Getting a visa for Zambia, I had an insight, expecting that countries with lower GDP per capita would also charge more for visas. Zambia, with a GDP per capita of 1500 USD and my visa costing 80 euros at least being an anecdotal indication. True, I could have gone for the most basic visa at 50 euros, but that would still been a rather sizable chunk of money, particularly compared to the country’s GDP per capita.
So I decided to set out and investigate. I took the GDP per capita figures from the CIA Factbook and obtained the visa costs, for Dutch nationals, from Visumdienst.nl, with some missing information being filled in by worldtravelguide.net and QatarVisitor.com.
Of course, countries don’t offer identical types of visas, so I limited myself to the most simple, though not transit, visa available. Mostly, this would end up being a single entry visa valid for one month.
As I looked for the cost of visas at embassies in the Netherlands, most prices were in euros, so, as the GDP figures are in USD, I converted the visa cost to USD, so that the resulting ratio of the visa cost and the GDP indicates what portion of the GDP is in fact the cost of a visa. For the exchange rates, I took today’s rates as returned by Google. For some countries, no visa is available in Holland, requiring a traveler to get the visa at the border or at a more nearby consulate.
The chart below is a scatter plot, showing the correlation between the GDP per capita and the cost of a visa for Dutch nationals. Some of the outliers are explicitly labeled.
What should be immediately obvious is that the vast majority of the plotted points either hug the x-axis or the y-axis. For the former, this resulted in my surprise that the vast amount of countries do not require Dutch nationals to pay for a tourist visa. Obviously, as a Dutchie, you don’t need a visa for Europe, but with a total of some 120 countries not requiring a visa, that’s only about a third of the story.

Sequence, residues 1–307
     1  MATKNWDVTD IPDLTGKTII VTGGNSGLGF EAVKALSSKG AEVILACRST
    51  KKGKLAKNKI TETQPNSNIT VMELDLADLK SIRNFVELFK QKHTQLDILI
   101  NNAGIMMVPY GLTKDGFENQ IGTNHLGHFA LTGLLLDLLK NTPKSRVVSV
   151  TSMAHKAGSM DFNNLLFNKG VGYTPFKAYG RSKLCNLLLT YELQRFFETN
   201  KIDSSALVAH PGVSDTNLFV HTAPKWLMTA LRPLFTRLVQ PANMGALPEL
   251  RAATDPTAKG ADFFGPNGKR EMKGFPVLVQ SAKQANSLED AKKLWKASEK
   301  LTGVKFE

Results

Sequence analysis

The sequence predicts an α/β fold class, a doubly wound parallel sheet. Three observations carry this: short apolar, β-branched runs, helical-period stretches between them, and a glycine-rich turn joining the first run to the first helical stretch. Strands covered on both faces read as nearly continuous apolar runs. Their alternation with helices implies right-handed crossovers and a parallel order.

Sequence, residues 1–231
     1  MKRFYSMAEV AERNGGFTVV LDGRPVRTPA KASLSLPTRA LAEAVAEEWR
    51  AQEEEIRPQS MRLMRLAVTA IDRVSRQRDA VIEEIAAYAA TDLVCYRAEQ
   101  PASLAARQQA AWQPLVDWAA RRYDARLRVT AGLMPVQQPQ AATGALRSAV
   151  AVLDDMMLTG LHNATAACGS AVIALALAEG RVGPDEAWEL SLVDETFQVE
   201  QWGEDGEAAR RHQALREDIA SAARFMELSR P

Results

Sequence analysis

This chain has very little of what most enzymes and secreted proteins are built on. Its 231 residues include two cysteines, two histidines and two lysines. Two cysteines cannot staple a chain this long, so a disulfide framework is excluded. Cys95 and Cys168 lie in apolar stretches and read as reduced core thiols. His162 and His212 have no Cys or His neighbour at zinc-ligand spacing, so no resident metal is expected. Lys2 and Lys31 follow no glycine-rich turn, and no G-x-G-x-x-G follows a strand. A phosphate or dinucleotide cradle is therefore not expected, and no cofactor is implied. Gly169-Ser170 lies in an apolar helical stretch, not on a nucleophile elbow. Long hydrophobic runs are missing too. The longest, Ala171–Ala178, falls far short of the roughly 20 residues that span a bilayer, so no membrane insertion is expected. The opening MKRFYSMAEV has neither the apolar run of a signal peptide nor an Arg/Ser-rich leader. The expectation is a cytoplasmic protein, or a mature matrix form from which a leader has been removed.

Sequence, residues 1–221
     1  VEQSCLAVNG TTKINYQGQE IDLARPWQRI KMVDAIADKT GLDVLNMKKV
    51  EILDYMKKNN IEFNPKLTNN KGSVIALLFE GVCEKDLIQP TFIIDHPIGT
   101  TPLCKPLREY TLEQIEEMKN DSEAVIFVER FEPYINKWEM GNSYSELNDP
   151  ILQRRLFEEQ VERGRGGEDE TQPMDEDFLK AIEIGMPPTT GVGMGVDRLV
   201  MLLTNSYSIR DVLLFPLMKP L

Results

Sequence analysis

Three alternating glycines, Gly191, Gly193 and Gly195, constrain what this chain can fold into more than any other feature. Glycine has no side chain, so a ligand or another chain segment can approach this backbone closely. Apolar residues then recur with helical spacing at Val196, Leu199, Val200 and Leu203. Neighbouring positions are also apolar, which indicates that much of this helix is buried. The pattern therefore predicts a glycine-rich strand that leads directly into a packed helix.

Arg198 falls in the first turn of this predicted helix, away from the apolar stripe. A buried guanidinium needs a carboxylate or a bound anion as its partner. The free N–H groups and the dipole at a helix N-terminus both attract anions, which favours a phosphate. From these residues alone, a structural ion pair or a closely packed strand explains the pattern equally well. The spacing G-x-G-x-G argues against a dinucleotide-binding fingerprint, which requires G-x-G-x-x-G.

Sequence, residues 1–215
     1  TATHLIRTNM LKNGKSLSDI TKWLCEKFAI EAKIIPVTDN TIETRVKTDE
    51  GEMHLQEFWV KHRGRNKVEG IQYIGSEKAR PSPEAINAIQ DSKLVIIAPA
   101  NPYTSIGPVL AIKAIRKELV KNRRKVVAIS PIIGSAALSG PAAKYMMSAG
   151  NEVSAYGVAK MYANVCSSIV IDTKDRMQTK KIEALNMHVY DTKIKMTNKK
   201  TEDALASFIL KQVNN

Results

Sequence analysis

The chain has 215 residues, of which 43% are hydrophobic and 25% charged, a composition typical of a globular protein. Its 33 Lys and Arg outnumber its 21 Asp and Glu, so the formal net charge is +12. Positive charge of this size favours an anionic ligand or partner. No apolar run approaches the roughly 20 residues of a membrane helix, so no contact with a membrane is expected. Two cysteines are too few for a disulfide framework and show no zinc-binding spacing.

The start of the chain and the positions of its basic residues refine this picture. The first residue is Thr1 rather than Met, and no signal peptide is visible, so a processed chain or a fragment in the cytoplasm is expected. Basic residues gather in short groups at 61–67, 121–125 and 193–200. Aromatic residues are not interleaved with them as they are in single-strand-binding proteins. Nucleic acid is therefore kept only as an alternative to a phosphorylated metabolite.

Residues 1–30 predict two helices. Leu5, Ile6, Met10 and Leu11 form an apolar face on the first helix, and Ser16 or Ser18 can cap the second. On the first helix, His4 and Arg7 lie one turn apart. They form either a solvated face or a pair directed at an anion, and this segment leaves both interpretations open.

For the points hugging the y-axis, it shows that there doesn’t appear to be a strong correlation between the height of GDP per capita and visa cost. However, a high visa expense does almost exclusively indicate a low GDP per capita.
Notable outliers include the oil rich Equatorial Guinea, which has the highest visa cost in the world, together with Angola, but has a sizable GDP per capita. Similarly, and surprisingly, Australia also requires a large expensive for obtaining a visa. However, they also provide for a cheap digital alternative.
On the other end, the GDPs per capita of Liechtenstein and Qatar are unreasonably high. For Qatar, rich in oil, I suspect that a lot of the people within its borders are in fact not counted as citizens, boosting the GDP per capita. For Liechtenstein, this high GDP per capita is likely related to it being one of the few countries in the world with more registered companies than citizens. Incidentally, Liechtenstein is also the world’s largest producer of sausage casings and false teeth. So you know.
The chart below shows, for the 80 or so countries that charge visa fees for Dutch nationals, the portion of their GDP per capita which is the cost of the visa.
It is telling that the first 15 spots are all occupied by African countries, with Sierra Leone and the DRC both asking more than 25% of the GDP per capita for obtaining a visa. However, these countries also have a huge informal economy, meaning that these numbers, as they are for several other countries in the list, are quite speculative.
Nevertheless, a total of 54 countries put the cost of a visa at 1%, or more, of their GDP per capita.
Making the first chart a bit more insightful, with information from the second chart yields the graph below. Here, countries with no visa cost have been left out and different markers are used for countries which, respectively, ask more than 10% of their GDP per capita for a visa, countries that ask between 1% and 10% and countries which ask less than 1%.
The averages for these three groups are 93, 79 and 54 USD, which could indicate that, as a nation’s GDP per capita rises, its visa costs decrease.
To investigate this further, I first ranked the countries by the percentage cost of visas, then averaged the costs of the visa for 10 consecutively listed countries. The result is shown below.
Although only marginally, there seems to be an indication that, indeed, as the relative cost of the visa decreases, the absolute cost of the visa also decreases. In other words, this could mean that as individuals in a country start to earn more, their governments will decrease the cost of a visa to their country.